Dr. Chauncey Crandall’s
Quick Takes: Tips For Better Heart Health Now!
The Wonderful Vitamin C
Vitamin C, among its other amazing attributes, now appears to cut the risk of heart attack by reducing the level of C-reactive protein (CRP), which now is seen as not only a marker of increased heart risk but also a contributory factor. CRP indicates increased inflammation in the body. Its levels can go up as much as 100 times when an infection occurs.
A study at the University of California, Berkeley demonstrated that daily doses of 500 milligrams of vitamin C can lower CRP levels 24 percent in just two months. However, to get these results, it’s necessary to take vitamin C as a stand-alone supplement. The same study showed that patients who received an antioxidant combining vitamins C and E, and alpha-lipoic acid received no benefit in CRP reduction. The scientists conducting the study speculate that interactions between antioxidants rendered the vitamin C ineffective.
Terrific Triad Against High Blood Pressure
Three amazingly simple steps can help reduce high blood pressure. A study at Boston’s Brigham and Women’s Hospital found that taking 800 micrograms of the B vitamin folate — which is found in grains, greens, and citrus — can cut the risk of high blood pressure by almost a third. Those old isometric exercises that you may have tried in high school can help as well. Specifically, isometric handgrip exercises can reduce systolic blood pressure and improve artery flexibility at the same time. Want another remedy? Well, as a wife might say to her snoring husband: Roll over! Sleeping face down actually lowers nighttime blood pressure, according to a study from the Ehime University School of Medicine in Japan.
A Lean Horse for a Long Race
Overweight, middle-aged men may have a higher risk of heart problems and strokes, and may die earlier than thinner men, even if they don’t have other risk factors such as high blood pressure. Doctors refer to “metabolic syndrome”—a collection of three or more risk factors for diabetes and heart problems such as abdominal obesity, high blood pressure, and low levels of “good” HDL cholesterol. A recent study, following more than 1,700 Swedish men for 30 years, shows that overweight and obese men had increased risks for heart attack and stroke, even without metabolic syndrome. In fact, it shows that overweight men are 52 percent more likely to have heart attacks, strokes, and other medical problems than men who maintain a healthy weight. Truly obese men have nearly double the risk. According to the study, obese men with metabolic syndrome have the highest risk, at 2.5 times that of normal-weight men without metabolic syndrome. But heavy men without metabolic syndrome also showed increased risks of these same complications — even with other risk factors such as smoking and high levels of “bad” cholesterol taken into account.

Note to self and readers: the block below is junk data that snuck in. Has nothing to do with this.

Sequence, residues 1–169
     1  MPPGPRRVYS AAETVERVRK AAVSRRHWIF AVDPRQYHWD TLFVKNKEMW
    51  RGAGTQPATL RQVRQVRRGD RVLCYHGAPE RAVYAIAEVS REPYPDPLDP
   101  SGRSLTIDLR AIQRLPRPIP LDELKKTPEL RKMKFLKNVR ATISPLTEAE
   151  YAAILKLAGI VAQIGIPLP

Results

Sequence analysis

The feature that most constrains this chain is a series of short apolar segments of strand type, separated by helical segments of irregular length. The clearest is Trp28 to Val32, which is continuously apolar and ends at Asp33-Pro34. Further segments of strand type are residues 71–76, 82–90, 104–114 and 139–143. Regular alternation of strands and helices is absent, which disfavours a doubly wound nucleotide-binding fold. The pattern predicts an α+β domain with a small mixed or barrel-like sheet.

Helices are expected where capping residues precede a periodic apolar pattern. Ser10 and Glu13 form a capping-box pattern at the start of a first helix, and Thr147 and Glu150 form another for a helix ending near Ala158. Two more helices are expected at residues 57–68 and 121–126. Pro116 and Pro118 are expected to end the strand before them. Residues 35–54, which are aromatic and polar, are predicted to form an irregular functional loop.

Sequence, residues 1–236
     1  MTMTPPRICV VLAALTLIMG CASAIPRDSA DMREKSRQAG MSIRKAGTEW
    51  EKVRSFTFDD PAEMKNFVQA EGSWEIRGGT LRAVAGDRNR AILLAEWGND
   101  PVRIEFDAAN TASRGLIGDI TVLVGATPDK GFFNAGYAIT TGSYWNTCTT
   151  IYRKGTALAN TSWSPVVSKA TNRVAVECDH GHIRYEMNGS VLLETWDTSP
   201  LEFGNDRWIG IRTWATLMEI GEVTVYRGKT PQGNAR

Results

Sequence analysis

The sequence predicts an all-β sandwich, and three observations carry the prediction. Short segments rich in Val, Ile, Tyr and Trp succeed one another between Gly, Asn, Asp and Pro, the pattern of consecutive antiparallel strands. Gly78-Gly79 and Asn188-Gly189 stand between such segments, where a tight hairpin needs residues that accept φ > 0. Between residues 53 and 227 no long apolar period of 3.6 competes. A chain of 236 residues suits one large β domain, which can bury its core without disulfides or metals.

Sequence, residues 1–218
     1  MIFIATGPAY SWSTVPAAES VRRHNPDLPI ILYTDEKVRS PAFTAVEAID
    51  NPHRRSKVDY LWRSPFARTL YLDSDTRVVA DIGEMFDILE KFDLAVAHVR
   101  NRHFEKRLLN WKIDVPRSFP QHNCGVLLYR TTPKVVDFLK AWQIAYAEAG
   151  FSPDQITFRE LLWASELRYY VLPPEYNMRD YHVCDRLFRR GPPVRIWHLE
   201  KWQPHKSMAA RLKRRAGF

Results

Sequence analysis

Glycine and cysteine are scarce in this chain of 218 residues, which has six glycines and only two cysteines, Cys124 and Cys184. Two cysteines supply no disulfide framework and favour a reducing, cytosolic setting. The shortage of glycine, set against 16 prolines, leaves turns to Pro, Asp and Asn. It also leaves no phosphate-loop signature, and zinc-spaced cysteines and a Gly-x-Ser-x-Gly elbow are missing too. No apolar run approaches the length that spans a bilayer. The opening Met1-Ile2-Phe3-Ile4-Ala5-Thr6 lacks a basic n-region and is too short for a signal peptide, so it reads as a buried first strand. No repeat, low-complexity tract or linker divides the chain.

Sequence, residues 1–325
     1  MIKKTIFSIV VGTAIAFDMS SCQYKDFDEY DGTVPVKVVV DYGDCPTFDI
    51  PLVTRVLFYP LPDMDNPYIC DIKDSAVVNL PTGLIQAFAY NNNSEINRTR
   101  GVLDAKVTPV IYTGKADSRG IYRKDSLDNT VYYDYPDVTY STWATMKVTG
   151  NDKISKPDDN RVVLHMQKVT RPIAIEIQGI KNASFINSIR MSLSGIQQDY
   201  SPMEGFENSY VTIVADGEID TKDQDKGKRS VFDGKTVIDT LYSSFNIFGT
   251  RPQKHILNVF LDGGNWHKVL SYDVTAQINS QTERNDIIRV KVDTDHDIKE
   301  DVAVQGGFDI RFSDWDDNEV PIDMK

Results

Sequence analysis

The study clearly reaffirms the health benefits of losing weight.
The Trials of Triglycerides
For many years, doctors were unsure whether triglycerides — another form of fat in the blood, along with cholesterol — played
any role in heart disease. Physicians often virtually ignored a patient’s triglyceride count. Now a study at the University of Cambridge in England has begun to unravel the often contradictory findings on triglycerides. One important part of the story appears to be why a patient has high triglyceride levels. If the tendency to high triglyceride levels has a genetic basis — if it’s an inherent part of the individual’s biochemistry — then high triglyceride counts correlate with an increased risk for developing cardiovascular disease, in some cases by as much as 40 percent. “We found that people with a genetically programmed tendency for higher triglyceride levels also have a greater risk of heart disease,” said lead researcher Nadeem Sarwar, a lecturer in cardiovascular epidemiology at Cambridge. “This suggests that triglyceride pathways may be involved in the development of heart disease.” The researchers looked at mutations in the apolipoprotein A5 gene, which plays a role in determining triglyceride levels. For every copy of the variant, there was a 16 percent increase in triglyceride concentrations. Two copies equaled a 32 percent increase, which correlates with a 40 percent increased risk of heart disease. As a physician, I would say this provides good reason for running lipid panels on teenagers and young adults, which is not always standard practice. During the teen and young adult years, a tendency to high triglyceride levels can show up even in the absence of elevated cholesterol levels. With that knowledge, doctors can inform such patients that they should be particularly careful about developing other risk factors for heart disease.
To Your Heart Health,
Dr. Chauncey Crandall